Airbnb today announced that it will shortly no longer offer refunds due to circumstances related to COVID-19, including when a guest or host becomes ill with COVID-19, reflecting an update to the company’s extenuating circumstances policy. Starting May 31, Airbnb host cancellation policies will apply “as usual,” Airbnb said, although some bookings made before May 31 may still be eligible for a refund if they comply with company policy.
Airbnb said the change was made after consultation with its medical advisors.
“Some in the travel industry stopped this type of policy a few months ago, while others didn’t apply it at all,” the company wrote in a report. Blog post. “[W]I feel like now is the time to take the same step.”
At the start of the pandemic, Airbnb expanded its extenuating circumstances policy to cover the risks associated with the novel coronavirus, allowing guests to cancel bookings for a full refund, and hosts to cancel upcoming bookings without penalty. The company’s IPO filing in November 2020 showed the extent of the impact, including a 72% decline in revenue, resulting in 1,800 job cuts in May 2020.
Cost-cutting measures and doubling down on “experiences” and long-term stays have helped Airbnb slowly recover. The company beat Wall Street estimates in the fourth quarter of 2021, reporting $1.53 billion in revenue, up 78% from the $3.89 billion net loss it reported a year earlier. But booked nights and experiences are down nearly 8% quarter-on-quarter, and Airbnb is clearly looking to rectify that figure.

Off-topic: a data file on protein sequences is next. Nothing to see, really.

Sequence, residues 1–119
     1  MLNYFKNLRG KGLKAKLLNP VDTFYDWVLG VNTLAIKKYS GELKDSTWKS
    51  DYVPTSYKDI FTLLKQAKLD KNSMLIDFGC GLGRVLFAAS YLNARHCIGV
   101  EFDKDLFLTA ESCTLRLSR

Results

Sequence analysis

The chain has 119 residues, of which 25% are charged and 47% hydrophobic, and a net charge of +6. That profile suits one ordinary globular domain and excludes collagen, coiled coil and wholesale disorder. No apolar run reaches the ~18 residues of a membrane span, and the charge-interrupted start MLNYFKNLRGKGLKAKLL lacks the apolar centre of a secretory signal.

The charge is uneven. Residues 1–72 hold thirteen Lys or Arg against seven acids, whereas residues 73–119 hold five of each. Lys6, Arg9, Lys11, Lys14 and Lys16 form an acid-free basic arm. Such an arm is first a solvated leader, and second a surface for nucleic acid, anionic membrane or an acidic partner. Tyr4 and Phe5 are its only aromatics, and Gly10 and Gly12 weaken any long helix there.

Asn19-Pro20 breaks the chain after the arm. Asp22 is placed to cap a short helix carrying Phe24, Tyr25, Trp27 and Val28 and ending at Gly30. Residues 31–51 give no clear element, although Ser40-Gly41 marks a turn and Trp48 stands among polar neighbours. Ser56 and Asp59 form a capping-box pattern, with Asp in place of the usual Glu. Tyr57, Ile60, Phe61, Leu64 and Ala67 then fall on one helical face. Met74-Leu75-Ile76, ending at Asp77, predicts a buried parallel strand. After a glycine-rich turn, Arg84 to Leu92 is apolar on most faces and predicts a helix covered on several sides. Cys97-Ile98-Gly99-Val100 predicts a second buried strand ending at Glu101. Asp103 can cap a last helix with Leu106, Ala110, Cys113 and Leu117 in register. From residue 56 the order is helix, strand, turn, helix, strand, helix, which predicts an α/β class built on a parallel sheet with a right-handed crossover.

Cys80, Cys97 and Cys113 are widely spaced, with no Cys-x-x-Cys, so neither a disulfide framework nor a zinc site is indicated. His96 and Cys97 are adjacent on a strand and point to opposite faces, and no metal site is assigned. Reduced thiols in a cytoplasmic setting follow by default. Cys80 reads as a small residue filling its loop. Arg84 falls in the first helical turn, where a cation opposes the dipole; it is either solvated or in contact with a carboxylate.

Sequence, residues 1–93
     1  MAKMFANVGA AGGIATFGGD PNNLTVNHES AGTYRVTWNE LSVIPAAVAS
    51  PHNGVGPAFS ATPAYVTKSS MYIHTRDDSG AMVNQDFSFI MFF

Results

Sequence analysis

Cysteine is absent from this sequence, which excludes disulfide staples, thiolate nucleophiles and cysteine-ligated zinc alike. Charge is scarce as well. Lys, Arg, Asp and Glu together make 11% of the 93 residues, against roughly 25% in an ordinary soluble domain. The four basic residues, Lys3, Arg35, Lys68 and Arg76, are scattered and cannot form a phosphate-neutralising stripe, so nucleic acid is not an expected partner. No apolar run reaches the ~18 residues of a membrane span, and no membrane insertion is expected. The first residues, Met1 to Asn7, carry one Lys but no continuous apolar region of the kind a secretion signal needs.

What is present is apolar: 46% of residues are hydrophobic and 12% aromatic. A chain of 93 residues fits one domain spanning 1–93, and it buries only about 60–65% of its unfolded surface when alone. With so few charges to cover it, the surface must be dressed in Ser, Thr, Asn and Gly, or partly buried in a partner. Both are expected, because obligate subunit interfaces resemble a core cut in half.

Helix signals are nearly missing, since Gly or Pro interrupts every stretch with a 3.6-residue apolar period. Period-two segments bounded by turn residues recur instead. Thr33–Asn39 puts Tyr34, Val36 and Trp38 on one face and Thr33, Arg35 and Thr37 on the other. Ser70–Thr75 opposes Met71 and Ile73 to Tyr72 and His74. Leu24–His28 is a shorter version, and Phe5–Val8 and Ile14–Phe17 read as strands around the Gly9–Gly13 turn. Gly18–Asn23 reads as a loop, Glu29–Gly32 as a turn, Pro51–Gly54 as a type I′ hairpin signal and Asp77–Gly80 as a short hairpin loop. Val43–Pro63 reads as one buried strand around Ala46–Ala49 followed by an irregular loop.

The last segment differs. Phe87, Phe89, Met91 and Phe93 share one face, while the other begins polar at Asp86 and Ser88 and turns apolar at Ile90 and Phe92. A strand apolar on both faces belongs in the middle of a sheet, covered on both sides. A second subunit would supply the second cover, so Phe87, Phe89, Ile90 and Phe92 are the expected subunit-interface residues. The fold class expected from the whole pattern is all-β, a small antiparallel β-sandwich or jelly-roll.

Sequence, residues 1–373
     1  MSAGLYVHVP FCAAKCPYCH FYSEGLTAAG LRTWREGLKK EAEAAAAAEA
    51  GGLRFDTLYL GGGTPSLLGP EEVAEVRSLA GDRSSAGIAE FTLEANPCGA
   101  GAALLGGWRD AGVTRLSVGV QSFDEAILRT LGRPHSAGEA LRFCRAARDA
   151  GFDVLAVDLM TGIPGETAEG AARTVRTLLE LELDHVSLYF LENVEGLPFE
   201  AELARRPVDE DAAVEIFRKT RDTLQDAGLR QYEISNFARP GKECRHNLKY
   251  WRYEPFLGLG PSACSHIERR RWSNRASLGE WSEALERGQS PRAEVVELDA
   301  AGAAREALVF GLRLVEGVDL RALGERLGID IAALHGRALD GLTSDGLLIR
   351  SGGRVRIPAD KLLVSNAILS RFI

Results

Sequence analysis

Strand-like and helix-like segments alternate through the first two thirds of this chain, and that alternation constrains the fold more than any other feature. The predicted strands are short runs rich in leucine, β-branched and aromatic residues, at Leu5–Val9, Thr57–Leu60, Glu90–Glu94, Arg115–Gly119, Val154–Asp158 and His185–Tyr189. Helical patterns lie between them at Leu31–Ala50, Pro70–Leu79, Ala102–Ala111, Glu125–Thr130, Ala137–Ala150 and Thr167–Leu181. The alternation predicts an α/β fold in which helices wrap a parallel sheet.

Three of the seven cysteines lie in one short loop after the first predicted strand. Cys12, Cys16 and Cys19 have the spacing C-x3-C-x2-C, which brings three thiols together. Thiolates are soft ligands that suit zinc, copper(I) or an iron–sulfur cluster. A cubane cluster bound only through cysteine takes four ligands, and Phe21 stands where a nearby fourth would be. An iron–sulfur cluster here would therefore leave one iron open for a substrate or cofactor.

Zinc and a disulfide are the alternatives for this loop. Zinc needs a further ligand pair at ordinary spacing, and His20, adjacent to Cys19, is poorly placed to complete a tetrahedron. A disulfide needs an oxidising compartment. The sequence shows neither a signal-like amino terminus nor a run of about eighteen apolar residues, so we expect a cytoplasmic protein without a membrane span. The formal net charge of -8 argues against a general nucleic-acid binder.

“[A]Nearly two-thirds of the world’s population has received at least one dose of the COVID-19 vaccine. And many countries have now implemented life plans for COVID-19 as it becomes part of our world,” the company said in a statement released today.
Some companies and politicians have called for a “return to normality”, fueled by economic and political pressure. But experts warn that the pandemic is not yet in the rearview mirror. Till Uber and backlash waived mask-wearing requirements in rideshares, and a federal judge in Florida overturned the Transportation Security Administration’s sock rules, workload in New York and Washington, D.C. have grown. This week only Princess Cruise Lines ship docked in San Francisco with 143 cases of COVID-19.
We’ve reached out to Airbnb for clarification about the policy change and will update this article as soon as we hear back.
Credit: techcrunch.com /